Butter tarts are small pastries consisting of butter, sugar, syrup, and egg filling. The filling goes on top of flaky pastry, and once baked, the tart’s filling will be crunchy on top and mostly solid. The tarts are quintessentially Canadian, but their origin is hazy. Some believe the history can be traced back to the 1600s, while others think the tarts resemble America’s pecan pies and Quebec’s sugar pies.
Where to try: The Maid’s Cottage
Securing first place for the best butter tart at Ontario’s Best Butter Tart Festival, The Maid’s Cottage is obviously the top place to try an authentic butter tart. A family-owned business, stop by to try their secret recipe.
The Maid’s Cottage, 223 Main Street S, Newmarket, ON, Canada, +1 905 9454 0202
Another dish people can thank French-Canadians for is split pea soup, a winter specialty in Canada. The most authentic version includes whole yellow peas, salted pork, and herbs. Newfoundland Pea Soup is another variation, which usually has more vegetables — such as turnips and carrots — and is topped with doughboys, or small dumplings.
Where to try: By the Sea Inn and Café
This Newfoundland café says that “pea soup and dumplings have been a tradition for us Newfoundlanders on Saturdays,” so they keep with tradition and only serve the soup on Saturdays. It’s also located right by the sea, with the dining room over the water.
By the Sea Inn & Café, 18 Bayside Drive, King’s Point, NL, Canada, +1 709 268 2181
A variation of the original doner kebab, which is of Turkish and Greek origin, the donair was introduced to Halifax in Nova Scotia in the early 1970s. The Halifax donair is characterized by its use of beef instead of lamb and its sweet sauce, made from sugar, garlic, condensed milk, and vinegar. In 2015, Halifax named the donair the city’s official food.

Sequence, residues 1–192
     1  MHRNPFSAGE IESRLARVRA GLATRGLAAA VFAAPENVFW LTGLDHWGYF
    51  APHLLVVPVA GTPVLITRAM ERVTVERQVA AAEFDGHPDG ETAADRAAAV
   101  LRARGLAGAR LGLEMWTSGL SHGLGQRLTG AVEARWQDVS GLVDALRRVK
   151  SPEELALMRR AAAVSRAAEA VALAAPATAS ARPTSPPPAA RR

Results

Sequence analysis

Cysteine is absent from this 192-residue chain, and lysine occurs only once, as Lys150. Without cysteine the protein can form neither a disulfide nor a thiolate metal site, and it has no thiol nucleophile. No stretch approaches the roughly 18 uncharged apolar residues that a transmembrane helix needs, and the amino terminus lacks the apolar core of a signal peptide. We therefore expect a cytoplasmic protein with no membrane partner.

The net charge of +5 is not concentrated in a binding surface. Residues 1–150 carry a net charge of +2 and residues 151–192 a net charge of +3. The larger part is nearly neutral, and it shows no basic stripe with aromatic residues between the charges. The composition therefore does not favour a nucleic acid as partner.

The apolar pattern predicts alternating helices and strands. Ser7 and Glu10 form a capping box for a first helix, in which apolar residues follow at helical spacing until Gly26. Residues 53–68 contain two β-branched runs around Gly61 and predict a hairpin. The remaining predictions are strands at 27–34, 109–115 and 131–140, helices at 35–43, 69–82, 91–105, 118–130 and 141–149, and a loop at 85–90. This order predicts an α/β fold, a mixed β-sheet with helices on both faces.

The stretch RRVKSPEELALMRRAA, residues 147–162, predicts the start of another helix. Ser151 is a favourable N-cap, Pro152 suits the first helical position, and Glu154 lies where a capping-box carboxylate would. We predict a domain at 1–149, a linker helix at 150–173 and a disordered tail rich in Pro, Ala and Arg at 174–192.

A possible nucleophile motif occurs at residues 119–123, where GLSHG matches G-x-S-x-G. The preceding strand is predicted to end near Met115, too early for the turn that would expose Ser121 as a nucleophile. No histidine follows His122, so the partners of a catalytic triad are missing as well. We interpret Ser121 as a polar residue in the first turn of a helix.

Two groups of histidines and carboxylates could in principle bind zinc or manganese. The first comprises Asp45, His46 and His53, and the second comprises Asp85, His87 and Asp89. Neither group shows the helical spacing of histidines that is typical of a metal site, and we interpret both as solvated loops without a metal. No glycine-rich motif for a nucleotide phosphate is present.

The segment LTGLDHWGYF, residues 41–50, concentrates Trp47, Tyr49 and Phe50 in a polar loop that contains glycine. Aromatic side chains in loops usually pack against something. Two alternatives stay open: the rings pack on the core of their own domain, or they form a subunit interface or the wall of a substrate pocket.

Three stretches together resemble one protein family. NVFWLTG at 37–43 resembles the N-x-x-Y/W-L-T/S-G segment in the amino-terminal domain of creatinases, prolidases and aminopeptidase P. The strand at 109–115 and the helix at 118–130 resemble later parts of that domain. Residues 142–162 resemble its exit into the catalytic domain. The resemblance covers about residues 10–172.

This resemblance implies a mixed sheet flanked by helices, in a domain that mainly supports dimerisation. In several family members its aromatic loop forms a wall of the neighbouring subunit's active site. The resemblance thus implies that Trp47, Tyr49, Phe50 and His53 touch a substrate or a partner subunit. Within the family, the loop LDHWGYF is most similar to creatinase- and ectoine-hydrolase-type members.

Where to try: King of Donair
King of Donair was the first place to serve donairs in Canada when it opened in 1973. Together with traditional donairs, they also serve donair subs, egg rolls, panzarotti, poutine, and pizza. Just about every donair combination you can think of!
King of Donair, 6420 Quinpool Rd, Halifax, NS, Canada, +1 902 421 0000
Montreal-style bagels vary greatly from the traditional New York bagel. Firstly, they’re always cooked in a wood-fired oven. Secondly, they’re smaller, thinner, and sweeter, as they’re boiled in honey-sweetened water prior to baking. The Montreal bagel has a larger hole, and there are two common toppings: poppy or sesame seeds.
Where to try: St-Viateur Bagel
One of Montreal’s most popular bagel stops, St-Viateur has been baking the city’s best bagels since 1957. Made with 100% natural ingredients, they say their bagels “are the ones your grandparents enjoyed, made with ingredients your children can read.” Flavors include cinnamon and raisin, flax, rosemary and sea salt, and all-dressed.